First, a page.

Document Detail


Exercise early in life in rats born small does not normalize reductions in skeletal muscle PGC-1α in adulthood.
MedLine Citation:
PMID:  22354784     Owner:  NLM     Status:  MEDLINE    
Abstract/OtherAbstract:
We have previously shown that 4 wk of exercise training early in life normalizes the otherwise greatly reduced pancreatic β-cell mass in adult male rats born small. The aim of the current study was to determine whether a similar normalization in adulthood of reduced skeletal muscle mitochondrial biogenesis markers and alterations in skeletal muscle lipids of growth-restricted male rats occurs following early exercise training. Bilateral uterine vessel ligation performed on day 18 of gestation resulted in Restricted offspring born small (P < 0.05) compared with both sham-operated Controls and a sham-operated Reduced litter group. Offspring remained sedentary or underwent treadmill running from 5-9 (early exercise) or 20-24 (later exercise) wk of age. At 24 wk of age, Restricted and Reduced litter offspring had lower (P < 0.05) skeletal muscle peroxisome proliferator-activated receptor γ coactivator-1α (PGC-1α) protein expression compared with Control offspring. Early exercise training had the expected effect of increasing skeletal muscle markers of mitochondrial biogenesis, but, at this early age (9 wk), there was no deficit in Restricted and Reduced litter skeletal muscle mitochondrial biogenesis. Unlike our previous observations in pancreatic β-cell mass, there was no "reprogramming" effect of early exercise on adult skeletal muscle such that PGC-1α was lower in adult Restricted and Reduced litter offspring irrespective of exercise training. Later exercise training increased mitochondrial biogenesis in all groups. In conclusion, although the response to exercise training remains intact, early exercise training in rats born small does not have a reprogramming effect to prevent deficits in skeletal muscle markers of mitochondrial biogenesis in adulthood.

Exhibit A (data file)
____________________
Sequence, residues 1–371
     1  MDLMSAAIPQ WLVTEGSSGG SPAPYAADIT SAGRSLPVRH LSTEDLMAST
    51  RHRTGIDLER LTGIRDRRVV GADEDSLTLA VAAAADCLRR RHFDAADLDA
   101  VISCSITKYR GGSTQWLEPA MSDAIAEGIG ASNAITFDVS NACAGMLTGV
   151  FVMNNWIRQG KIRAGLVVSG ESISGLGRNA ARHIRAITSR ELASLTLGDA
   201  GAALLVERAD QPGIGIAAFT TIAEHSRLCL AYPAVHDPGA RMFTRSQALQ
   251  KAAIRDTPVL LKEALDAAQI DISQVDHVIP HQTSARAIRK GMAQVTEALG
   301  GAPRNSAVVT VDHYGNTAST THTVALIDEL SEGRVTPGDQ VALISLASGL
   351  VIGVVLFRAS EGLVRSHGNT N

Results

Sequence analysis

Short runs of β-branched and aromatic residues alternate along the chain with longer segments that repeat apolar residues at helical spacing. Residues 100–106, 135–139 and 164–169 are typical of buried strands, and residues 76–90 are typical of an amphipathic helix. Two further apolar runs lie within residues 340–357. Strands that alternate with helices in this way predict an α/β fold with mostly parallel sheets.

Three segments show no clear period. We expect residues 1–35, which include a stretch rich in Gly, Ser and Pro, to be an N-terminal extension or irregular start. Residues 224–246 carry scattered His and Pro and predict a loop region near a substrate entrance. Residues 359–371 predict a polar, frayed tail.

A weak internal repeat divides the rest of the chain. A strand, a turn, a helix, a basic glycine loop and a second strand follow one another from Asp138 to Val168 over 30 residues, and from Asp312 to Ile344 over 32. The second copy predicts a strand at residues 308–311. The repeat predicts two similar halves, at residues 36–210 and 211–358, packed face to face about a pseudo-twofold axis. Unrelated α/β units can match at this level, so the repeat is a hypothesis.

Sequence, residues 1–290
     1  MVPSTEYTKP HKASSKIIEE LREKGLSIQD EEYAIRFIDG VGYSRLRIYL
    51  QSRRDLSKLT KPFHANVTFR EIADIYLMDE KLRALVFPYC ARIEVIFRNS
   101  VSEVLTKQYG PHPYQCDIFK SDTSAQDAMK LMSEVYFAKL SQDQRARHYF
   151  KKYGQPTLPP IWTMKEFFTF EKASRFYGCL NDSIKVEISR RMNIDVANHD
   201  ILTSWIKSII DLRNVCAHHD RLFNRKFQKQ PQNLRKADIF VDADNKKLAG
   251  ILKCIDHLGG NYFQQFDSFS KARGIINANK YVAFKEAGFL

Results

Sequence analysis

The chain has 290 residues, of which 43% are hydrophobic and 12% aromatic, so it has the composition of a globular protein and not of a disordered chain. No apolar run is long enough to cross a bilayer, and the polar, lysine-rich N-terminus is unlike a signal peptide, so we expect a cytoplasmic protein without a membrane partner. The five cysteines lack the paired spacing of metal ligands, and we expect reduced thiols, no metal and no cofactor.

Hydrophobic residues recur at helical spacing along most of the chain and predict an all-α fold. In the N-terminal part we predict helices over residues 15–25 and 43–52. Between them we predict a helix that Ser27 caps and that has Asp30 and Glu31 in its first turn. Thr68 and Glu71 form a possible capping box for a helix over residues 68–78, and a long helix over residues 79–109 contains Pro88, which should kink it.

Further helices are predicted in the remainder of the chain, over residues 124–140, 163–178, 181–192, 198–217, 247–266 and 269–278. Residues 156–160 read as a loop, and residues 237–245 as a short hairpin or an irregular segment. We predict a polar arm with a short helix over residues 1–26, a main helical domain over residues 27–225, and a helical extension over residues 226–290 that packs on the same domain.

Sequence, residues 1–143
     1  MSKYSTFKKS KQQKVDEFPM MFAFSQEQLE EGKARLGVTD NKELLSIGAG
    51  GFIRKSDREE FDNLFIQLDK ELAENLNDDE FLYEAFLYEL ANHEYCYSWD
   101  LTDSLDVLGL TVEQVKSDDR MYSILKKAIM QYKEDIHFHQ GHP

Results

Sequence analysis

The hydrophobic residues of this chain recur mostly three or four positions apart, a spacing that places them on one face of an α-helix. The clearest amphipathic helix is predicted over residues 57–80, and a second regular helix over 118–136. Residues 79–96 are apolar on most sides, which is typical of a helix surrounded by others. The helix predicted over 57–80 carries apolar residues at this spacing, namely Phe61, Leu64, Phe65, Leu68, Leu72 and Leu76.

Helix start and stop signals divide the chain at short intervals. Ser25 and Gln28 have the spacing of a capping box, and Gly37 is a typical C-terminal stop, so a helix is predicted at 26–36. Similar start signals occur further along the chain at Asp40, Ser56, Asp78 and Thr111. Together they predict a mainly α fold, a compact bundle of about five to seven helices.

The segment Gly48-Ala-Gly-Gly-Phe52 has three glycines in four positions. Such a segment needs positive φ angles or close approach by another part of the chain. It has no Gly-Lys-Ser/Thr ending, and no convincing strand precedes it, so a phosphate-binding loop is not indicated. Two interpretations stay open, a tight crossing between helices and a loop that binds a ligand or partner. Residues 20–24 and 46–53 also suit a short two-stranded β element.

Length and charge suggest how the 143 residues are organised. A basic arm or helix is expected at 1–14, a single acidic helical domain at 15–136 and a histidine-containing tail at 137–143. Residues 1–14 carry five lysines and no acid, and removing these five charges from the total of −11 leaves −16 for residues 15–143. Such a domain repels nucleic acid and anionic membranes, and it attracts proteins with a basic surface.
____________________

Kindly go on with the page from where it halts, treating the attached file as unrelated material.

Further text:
Authors:
Rhianna C Laker; Mary E Wlodek; Glenn D Wadley; Linda A Gallo; Peter J Meikle; Glenn K McConell
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Publication Detail:
Type:  Journal Article; Research Support, Non-U.S. Gov't     Date:  2012-02-21
Journal Detail:
Title:  American journal of physiology. Endocrinology and metabolism     Volume:  302     ISSN:  1522-1555     ISO Abbreviation:  Am. J. Physiol. Endocrinol. Metab.     Publication Date:  2012 May 
Date Detail:
Created Date:  2012-05-16     Completed Date:  2012-07-17     Revised Date:  2012-08-30    
Medline Journal Info:
Nlm Unique ID:  100901226     Medline TA:  Am J Physiol Endocrinol Metab     Country:  United States    
Other Details:
Languages:  eng     Pagination:  E1221-30     Citation Subset:  IM    
Affiliation:
Department of Physiology, The University of Melbourne, Parkville, Victoria, Australia.
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MeSH Terms
Descriptor/Qualifier:
Adipose Tissue / anatomy & histology,  physiology
Age Factors
Animals
Birth Weight / physiology*
Citrate (si)-Synthase / metabolism
Disease Models, Animal
Female
Fetal Growth Retardation / physiopathology*
Male
Mitochondria / metabolism
Muscle, Skeletal / anatomy & histology,  physiology*
Organ Size
Physical Conditioning, Animal / physiology*
Pregnancy
Prenatal Exposure Delayed Effects / physiopathology*
Rats
Rats, Inbred WKY
Trans-Activators / deficiency,  metabolism*
Triglycerides / metabolism
Chemical
Reg. No./Substance:
0/Ppargc1a protein, mouse; 0/Trans-Activators; 0/Triglycerides; EC 2.3.3.1/Citrate (si)-Synthase

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